Museum closures during the pandemic

Mapping Museums project lead Fiona Candlin finds that despite the predictions, permanent museum closures are tracking previous years.

When museums first closed to visitors in March 2020 because of the national lockdown, their prospects seemed poor. In fact, only ten museums in the UK have permanently closed over the past year, significantly fewer than in previous years (there were 26 permanent closures in 2017 and 16 in 2018), and only two of those closures can be linked to the COVID crisis.

In two cases the museum closed when the owner retired. In September 2020, Inger John, who had run the Pembrokeshire Candle Makers Centre in Wales, announced that she had used up her remaining wax, was stopping production, and that she would be closing the associated museum. A military museum at Fort Paull, a Napoleonic fortress in Yorkshire, announced that it was closing in early 2020. At the age of eighty, the owner and director had decided to sell the site and retire.

Four museums closed due to the loss of their premises, although why this happened varies. The Commando Museum opened in 1993 at the Spean Bridge Hotel near Fort William. The property later changed hands and with redevelopment pending the volunteers started looking for alternative accommodation. When that proved unsuccessful, they put the exhibits into storage until a new venue could be found. Staff at the Maritime Museum in Walton-on-the-Naze in Essex found themselves in a similar situation. The museum was housed in a historic lifeboat house owned by Tendring council who in 2015 announced a rent hike. The volunteers were keen to relocate but two attempts fell through, and the museum had to close. The collections are in storage.

The Metropolitan Police Service Museum Heritage centre also found itself out of a home when the building changed use. It is being relocated to a new space in Woolwich, which will open later this year, but it does not have a dedicated exhibition area. The Bruntingthorpe Aircraft Museum in Leicestershire closed in the summer of 2020 when the site was sold.

Elsewhere, finances were an issue. The Victoria Cross Trust opened the Ashworth Barracks Museum in Doncaster in 2014 to house their collection of military artefacts. In 2020 they announced its closure, commenting that running a museum had never been among its core objectives, rather they had been established to maintain war graves. The West Wales Museum of Childhood also faced financial difficulties. The museum, located in at a farmstead in rural Camarthenshire, had closed for almost a year during the pandemic. The cost of running the site had become too much of a burden for the owners, Hilary and Paul Kennelly, who also had health difficulties. The couple had decided to downsize and early in 2021 moved the collection to a bungalow and associated outbuildings in Cambridgeshire.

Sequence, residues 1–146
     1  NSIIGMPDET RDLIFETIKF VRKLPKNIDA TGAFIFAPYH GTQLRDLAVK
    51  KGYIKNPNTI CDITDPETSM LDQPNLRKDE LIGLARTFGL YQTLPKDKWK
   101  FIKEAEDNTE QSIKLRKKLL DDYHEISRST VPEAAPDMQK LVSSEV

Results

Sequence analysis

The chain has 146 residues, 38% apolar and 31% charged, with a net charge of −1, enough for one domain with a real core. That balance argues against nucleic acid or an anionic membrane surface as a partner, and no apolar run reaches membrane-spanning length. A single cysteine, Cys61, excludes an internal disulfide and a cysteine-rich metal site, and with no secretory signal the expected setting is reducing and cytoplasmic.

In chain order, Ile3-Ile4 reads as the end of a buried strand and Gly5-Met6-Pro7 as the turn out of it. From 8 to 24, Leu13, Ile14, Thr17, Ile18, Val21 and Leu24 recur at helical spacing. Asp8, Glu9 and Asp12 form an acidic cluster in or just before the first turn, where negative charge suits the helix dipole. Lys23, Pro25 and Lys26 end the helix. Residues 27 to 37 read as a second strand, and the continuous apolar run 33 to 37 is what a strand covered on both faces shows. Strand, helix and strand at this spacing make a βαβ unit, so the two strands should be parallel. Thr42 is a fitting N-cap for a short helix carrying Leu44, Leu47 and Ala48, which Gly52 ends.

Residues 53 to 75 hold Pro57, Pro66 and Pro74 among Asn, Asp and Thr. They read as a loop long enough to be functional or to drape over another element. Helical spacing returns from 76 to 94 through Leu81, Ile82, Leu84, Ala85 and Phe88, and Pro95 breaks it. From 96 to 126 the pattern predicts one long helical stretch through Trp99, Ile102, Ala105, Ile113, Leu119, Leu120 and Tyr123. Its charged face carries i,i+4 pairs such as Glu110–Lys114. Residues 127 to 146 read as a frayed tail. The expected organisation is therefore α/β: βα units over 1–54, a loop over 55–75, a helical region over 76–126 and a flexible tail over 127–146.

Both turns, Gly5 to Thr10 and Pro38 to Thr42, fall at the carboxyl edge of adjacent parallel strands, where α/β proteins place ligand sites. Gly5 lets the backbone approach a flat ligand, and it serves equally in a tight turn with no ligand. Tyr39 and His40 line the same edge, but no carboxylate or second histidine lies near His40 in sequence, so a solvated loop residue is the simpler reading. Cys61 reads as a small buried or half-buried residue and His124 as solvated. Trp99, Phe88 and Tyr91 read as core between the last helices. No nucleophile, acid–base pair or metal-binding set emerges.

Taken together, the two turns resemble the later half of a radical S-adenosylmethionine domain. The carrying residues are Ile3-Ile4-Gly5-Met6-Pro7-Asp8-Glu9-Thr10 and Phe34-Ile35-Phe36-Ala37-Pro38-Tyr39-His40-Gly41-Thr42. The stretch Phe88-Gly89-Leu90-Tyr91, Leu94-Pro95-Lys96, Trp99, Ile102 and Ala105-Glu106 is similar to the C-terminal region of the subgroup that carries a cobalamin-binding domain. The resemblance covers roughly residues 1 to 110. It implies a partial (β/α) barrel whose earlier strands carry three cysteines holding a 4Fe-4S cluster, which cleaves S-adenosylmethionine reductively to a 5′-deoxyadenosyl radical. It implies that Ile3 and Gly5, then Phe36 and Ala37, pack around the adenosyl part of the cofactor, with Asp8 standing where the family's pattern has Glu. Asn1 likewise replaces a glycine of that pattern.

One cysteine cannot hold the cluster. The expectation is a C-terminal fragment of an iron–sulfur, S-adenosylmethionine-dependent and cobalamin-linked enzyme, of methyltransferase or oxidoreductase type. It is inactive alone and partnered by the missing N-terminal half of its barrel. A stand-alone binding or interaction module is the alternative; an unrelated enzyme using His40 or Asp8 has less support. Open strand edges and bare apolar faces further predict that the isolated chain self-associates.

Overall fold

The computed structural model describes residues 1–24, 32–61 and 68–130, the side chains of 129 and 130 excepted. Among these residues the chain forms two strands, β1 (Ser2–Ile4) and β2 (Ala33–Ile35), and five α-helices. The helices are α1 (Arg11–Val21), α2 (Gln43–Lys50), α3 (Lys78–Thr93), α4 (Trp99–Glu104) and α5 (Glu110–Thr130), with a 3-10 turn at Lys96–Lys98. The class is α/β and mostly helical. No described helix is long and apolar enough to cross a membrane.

All these museums were small, unaccredited, and, except for the Metropolitan Police Heritage Centre, run by private owners or voluntary groups. The Falconer Museum in Forres on the North East coast of Scotland was an accredited local authority museum, and indeed the only museum in the Moray area that was funded by the local council. Faced with budget cuts of around £10m, in 2019, the council decided to close the museum service. The closure of these museums was a subject of regret for the owners and volunteers who had run them, and the groups and local residents who campaigned for their survival.

The exception is the Jack the Ripper Museum in London, where news of its imminent closure was met with some delight. The museum was controversial because its founder originally applied for and was granted planning permission for a museum that focused on women’s history, whereas it concentrated on the murder of five East End women. In September, the feminist historian Dr Louse Raw discovered that the company had declared insolvency.

What is striking about these closures is that they have little relation to the pandemic and instead are due to other more usual factors such as retirement, health, the loss of a site, the difficulty of finding new accommodation or changed accommodation, lack of income, and government cuts to local authority budgets, often in combination.

Further information and support

This is an edit of a longer article on the Mapping Museums blog. For the full piece and more visit>>

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You can also see if the latest round of the Culture Recovery Fund from Arts Council England and National Lottery Heritage Fund could help your museum. See the guidance and links to apply here>>